“Well, she is Jennie’s mother, and she told Jennie to be sure to speak to me, because she knows Aunt Elizabeth, I suppose, but anyhow, she did. But first the Clara Adams set tried to get Jennie to go with them, but she just wouldn’t, and so she’s on our side. I know Clara is furious because the Ramseys are richer than the Adamses.”

“Oh dear, oh dear,” Mrs. Conway interrupted, “this doesn’t sound a bit like my little girl talking about one person being richer than another and about one little girl’s being furious about another’s making friends with whom she chooses.”

Edna was silent for a moment. “Mother,” she said presently, “it is all Clara Adams’s doings. If she wouldn’t[43] speak to us nor let the other girls play with us, why, what could we do?”

“I really don’t know, my darling, we’ll talk of that directly. Go on with your story.”

“Well, so Agnes found out they were getting up a club and didn’t want us in it, so she said we could have a club, too, and we’re going to begin this afternoon—no, to-morrow afternoon. Mrs. Ramsey let Jennie go home with Dorothy to stay till to-morrow and she is going to send the automobile for her. She comes to school in the automobile every morning. I wish we had one then we wouldn’t have to stay in town all the week.”

“Dear blessed child, I am afraid Clara Adams is turning your head.”

“Clara? why she doesn’t even speak to me.”

“All the same you are beginning to care more for the things that are important to[44] her than ever you did before. Never mind, we’ll talk about that later. Is that all?”

“It’s about all, for we haven’t had the club meeting yet. Agnes says she will start it and be the president for a month. Celia is going to be the secretary and when we know just what to do and how to carry it on then they will resign and some of us younger girls will be the officers.”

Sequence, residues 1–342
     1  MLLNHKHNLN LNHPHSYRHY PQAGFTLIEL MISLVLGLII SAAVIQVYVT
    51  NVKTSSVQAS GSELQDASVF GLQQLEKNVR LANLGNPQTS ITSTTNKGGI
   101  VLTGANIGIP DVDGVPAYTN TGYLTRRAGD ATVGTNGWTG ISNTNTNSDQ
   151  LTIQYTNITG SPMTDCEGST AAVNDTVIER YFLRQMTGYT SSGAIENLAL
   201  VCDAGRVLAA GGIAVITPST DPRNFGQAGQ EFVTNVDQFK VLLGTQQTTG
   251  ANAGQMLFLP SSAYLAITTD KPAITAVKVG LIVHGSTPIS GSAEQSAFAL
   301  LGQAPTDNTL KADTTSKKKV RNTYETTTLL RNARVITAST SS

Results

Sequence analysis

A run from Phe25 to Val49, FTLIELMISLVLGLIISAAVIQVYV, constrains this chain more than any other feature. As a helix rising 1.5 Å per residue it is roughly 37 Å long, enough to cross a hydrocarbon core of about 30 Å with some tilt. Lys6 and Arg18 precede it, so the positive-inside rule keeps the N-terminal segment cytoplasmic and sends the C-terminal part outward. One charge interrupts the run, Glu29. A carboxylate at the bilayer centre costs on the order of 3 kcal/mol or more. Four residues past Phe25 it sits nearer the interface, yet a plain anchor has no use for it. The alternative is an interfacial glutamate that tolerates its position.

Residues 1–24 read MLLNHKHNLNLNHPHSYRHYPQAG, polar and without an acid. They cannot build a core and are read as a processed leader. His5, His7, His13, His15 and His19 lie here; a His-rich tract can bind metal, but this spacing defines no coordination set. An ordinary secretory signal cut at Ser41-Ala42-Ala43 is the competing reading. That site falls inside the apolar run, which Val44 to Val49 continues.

Mrs. Conway smiled to hear all this grown-up talk, but she looked a little serious a moment after.

Edna watched her face. “Don’t you approve of it, mamma,” she asked anxiously.

“Of the club? Oh, yes, if it is the right kind of one. I will ask Celia about it, but what I don’t like is that you should start it in a spirit of trying to get the better of another girl, though I can see[45] that it is the most natural thing in the world for you to feel as you do, and I can see that Clara has really brought it on herself, but I do want my dear little girls to be charitable and above the petty meanness that is actuating Clara.”

“Then what do you think we ought to do?”

“I am not sure. I shall have to think it over. In the meantime by all means start your club. Where is Celia?”

“She went out with the boys to look at the new pigeons, but I wanted to see you first.”

Edna enjoyed the prospect of chicken and waffles too much to long too ardently for the next day. She hadn’t seen Cousin Ben yet so she went out to hunt him up, but discovering that he was hard at work over his studies she concluded not to disturb him but to go with the boys to hear them expatiate upon the qualities of the[46] new pigeons, of the trade they had made with another boy and of various things which had been going on at their school.

Great preparations were made for the first meeting of the club. In the Evans house was a large attic, one corner of which Agnes and Celia turned into a club-room. The house was an old-fashioned one, and the attic window was small. There was, too, an odor of camphor and of soap, a quantity of the latter being stored up there, but these things did not in the least detract from the place in the eyes of the girls. What they wanted was mystery, a place which was out of the way, and one specially set aside for their meetings. A small table was dragged out of the recesses of the attic. It was rather wobbly, but a bit of wood was put under the faulty leg, and it did very well. One perfectly good chair was brought up for the president, the rest were content to be[47] seated on whatever came handy, two chairs very much gone as to backs, one with the bottom entirely through, and a rickety camp stool made up the remainder of the furniture, but Agnes had taken care that there were flowers on the table and that pens, pencils and paper were supplied. She also brought up some books “to make it look more literary,” she said, and the organizers of the club were delighted.

They came whispering and with suppressed giggles up the steep stairway, made their way between piles of trunks and boxes to where Agnes sat in state, a call-bell before her. Margaret, much bundled up, had been permitted to join them, so they were the respectable number of six.

That morning the president and secretary had been closeted for an hour with Mrs. Conway and whatever they had de[48]termined upon in the beginning which seemed in the least unworthy was smitten from the plan.